Roast-Turkey Gravy 12.000

Jennifer Chase for The Washington Post

Nov 16, 2016

This rich gravy is mostly done in advance, which makes it potluck-friendly. The secret to its depth of flavor is a very dark roux. Madeira adds complexity.

The recipe is based on one from chef Ian Boden of the Shack in Staunton, Va., whose in-laws tasked him with re-creating a gravy he had never tasted from a matriarch he'd never had the chance to meet.

We tested the recipe with homemade and with store-bought broth, and we strongly recommend using homemade.

Make Ahead: The gravy can be made a day in advance; reheat over medium-low heat, with fresh roast turkey drippings stirred in just before serving.

Where to Buy: Raw turkey necks are available at Harvey's Market in the District's Union Market.


When you scale a recipe, keep in mind that cooking times and temperatures, pan sizes and seasonings may be affected, so adjust accordingly. Also, amounts listed in the directions will not reflect the changes made to ingredient amounts.

Tested size: 12 servings; makes 5 cups

  • 2 to 3 pounds raw turkey necks and/or wings (not smoked)
  • 6 cups homemade chicken broth (see headnote)
  • 8 tablespoons (1 stick) unsalted butter
  • 1 small red onion, minced
  • 6 tablespoons Madeira
  • 8 tablespoons flour
  • 1 teaspoon kosher salt, or more as needed
  • 1 teaspoon freshly ground black pepper, or more as needed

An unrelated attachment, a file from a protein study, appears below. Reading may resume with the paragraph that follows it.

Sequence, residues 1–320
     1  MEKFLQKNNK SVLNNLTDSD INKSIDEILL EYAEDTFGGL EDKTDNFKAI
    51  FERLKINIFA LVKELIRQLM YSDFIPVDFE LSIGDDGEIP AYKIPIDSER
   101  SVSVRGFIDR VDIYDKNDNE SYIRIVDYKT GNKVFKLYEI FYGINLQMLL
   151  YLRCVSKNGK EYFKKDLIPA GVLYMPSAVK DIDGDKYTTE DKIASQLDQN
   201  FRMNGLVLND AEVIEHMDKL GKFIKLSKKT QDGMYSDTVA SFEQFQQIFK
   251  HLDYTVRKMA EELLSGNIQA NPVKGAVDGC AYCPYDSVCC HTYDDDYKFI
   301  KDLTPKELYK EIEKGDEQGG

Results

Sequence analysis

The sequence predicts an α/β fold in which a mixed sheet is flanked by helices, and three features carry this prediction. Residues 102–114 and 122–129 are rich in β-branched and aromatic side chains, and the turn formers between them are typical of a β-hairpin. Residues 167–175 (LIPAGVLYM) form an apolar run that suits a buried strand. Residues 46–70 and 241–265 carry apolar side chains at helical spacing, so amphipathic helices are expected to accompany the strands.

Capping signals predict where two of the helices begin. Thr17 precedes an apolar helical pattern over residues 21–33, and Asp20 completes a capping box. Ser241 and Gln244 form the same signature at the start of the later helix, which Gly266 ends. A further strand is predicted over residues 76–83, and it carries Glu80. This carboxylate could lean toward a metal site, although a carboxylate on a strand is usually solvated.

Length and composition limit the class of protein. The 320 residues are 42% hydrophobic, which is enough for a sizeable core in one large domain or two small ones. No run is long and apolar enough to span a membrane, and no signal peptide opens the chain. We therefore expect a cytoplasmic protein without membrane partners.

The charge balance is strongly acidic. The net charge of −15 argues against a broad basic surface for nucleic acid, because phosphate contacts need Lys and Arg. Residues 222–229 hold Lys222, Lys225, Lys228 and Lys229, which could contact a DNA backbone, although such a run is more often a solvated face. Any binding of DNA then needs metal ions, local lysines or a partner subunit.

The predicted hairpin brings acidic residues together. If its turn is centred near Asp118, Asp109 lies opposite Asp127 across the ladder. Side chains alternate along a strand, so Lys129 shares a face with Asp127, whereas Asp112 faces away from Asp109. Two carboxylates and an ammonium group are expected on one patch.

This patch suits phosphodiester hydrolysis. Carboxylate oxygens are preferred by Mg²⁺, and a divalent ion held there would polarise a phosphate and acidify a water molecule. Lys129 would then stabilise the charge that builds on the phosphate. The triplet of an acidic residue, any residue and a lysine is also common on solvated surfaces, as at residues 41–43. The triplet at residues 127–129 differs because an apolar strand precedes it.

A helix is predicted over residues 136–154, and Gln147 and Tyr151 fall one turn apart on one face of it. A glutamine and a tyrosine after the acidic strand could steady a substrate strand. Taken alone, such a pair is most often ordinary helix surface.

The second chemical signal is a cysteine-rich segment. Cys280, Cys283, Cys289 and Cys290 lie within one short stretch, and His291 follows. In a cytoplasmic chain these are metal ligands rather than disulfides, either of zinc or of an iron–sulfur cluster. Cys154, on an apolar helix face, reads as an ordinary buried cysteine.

• 1 cup strained, defatted turkey drippings (may substitute 1 more cup of broth)


Preheat the oven to 400 degrees.

Place the turkey necks and/or wings on a baking sheet; roast for about 1 hour or until dark brown.

Bring the broth to a boil in a large saucepan over medium-high heat. Add the roasted turkey parts, then reduce the heat to low and cook, partially covered, for 2 hours. Strain, discarding the solids. The yield is 4 cups.

Melt 1 tablespoon of the butter in a large skillet over medium heat. Stir in the onion and cook for about 6 minutes or until it softens. Increase the heat to medium-high; add 2 tablespoons of the Madeira and cook for about 2 minutes or until it has evaporated. Transfer the onion to a plate.

Reduce the heat to medium; add the remaining 7 tablespoons of butter. Once that has melted, stir in the flour. Cook for about 30 minutes to develop a very dark brown roux with perhaps a few black flecks, stirring occasionally.

Quickly whisk in 1 cup of the broth; as soon as that is incorporated, whisk in the remaining 3 cups of broth. Return the onion to the pan, whisking to incorporate. Increase the heat to medium-high, whisking to form a thickened gravy. Add the teaspoon each of salt and pepper and the remaining 4 tablespoons of Madeira, whisking until smooth. Remove from the heat.

At this point, the gravy base can be refrigerated.

Just before serving, reheat over medium heat, stirring a few times to keep the gravy from scorching. Whisk in the cup of drippings. Taste, and add salt and/or pepper, as needed. Serve warm.

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Recipe Source

Adapted from a recipe by Ian Boden, chef at the Shack in Staunton, Va.

Tested by Jim Webster.

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